More than half of the people who die, leave this earth without a will. Even when they do the estate planning, squabbles, usually among the adult children, break out.
The Washington Post shared the story Family of former mayor Tony Williams in probate court over mother’s will. They are fighting over stuff. They aren’t unusual. In the past decade the probate court (that deals with distribution of assets for people that die*) has become one of D.C. Superior Court’s busiest divisions. They have nearly doubled the staffing to deal with the growing number of cases making it to probate court.
The emergence of an “ethical will” which is a document that allows you to convey your personal wishes and where you want your things to go that can be read, shared and used by a family member will go a long way to help avoid the silly fights that break out. It won’t hold up in court, but having a hand-written note might help as loved ones deal with their grief and avoid such family disputes.
*There are some estate planning measures that can avoid probate court. See an estate lawyer for more details.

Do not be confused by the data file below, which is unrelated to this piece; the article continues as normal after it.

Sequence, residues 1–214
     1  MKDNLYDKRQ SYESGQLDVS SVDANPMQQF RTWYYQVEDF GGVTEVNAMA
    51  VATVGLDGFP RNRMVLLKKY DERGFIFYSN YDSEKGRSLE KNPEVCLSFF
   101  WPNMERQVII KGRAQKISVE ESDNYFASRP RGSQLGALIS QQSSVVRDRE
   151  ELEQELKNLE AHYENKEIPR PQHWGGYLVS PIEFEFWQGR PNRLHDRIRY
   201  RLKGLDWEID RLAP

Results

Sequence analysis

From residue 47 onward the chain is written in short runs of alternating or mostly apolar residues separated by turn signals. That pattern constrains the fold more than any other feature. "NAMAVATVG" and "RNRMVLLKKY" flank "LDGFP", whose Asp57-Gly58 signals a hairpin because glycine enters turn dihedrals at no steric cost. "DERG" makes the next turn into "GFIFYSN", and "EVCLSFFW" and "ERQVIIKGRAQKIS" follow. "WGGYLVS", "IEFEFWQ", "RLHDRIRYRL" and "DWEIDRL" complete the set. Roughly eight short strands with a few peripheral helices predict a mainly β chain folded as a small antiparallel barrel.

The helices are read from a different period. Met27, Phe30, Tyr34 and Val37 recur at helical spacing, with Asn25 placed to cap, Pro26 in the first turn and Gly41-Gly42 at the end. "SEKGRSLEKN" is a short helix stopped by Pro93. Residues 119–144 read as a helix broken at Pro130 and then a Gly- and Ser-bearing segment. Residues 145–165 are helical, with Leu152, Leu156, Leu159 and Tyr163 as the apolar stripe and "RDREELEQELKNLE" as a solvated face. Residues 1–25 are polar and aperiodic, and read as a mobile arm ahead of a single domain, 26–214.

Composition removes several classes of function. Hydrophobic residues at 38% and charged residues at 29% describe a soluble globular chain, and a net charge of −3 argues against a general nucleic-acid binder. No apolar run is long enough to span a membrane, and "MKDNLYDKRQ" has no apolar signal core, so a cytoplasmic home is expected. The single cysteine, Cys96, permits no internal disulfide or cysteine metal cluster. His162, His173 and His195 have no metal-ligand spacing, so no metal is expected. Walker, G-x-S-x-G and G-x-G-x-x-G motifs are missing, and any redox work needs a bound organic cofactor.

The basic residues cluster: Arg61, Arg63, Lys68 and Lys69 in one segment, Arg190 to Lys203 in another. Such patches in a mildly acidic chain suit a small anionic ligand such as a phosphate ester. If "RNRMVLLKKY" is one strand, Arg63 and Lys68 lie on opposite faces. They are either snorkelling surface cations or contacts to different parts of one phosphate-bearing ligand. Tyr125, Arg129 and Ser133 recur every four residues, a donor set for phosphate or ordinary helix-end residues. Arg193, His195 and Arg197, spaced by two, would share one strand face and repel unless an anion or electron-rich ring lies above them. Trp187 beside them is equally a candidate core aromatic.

Kay H. Bransford is the best-selling author of MemoryBanc: Your Workbook for Organizing Life. She has appeared on The Dr. Oz Show and Huffington Post, in addition to many television and radio programs to educate families, caregivers, and retirees on why getting organized is important to the well-being of every adult. The MemoryBanc process helps maintain family harmony, preserve privacy, and streamline the management and settlement of affairs in the event of incapacity or death. The company Kay founded, MemoryBanc, received an “Older-Adult Focused Innovation” award from AARP Foundation and has helped thousands of families since its launch in 2013.
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